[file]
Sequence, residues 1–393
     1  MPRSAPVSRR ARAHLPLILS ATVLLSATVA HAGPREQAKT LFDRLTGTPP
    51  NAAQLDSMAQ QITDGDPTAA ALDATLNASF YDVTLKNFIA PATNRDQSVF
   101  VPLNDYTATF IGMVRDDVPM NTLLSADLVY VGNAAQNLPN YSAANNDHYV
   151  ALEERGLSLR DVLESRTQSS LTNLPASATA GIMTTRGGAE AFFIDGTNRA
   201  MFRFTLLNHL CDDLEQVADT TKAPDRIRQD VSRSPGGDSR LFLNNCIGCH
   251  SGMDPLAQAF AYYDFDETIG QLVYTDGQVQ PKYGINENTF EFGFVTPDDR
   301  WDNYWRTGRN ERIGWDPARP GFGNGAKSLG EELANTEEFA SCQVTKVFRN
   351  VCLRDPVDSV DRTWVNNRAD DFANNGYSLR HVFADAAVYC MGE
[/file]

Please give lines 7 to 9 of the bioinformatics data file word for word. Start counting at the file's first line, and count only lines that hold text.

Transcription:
   251  SGMDPLAQAF AYYDFDETIG QLVYTDGQVQ PKYGINENTF EFGFVTPDDR
   301  WDNYWRTGRN ERIGWDPARP GFGNGAKSLG EELANTEEFA SCQVTKVFRN
   351  VCLRDPVDSV DRTWVNNRAD DFANNGYSLR HVFADAAVYC MGE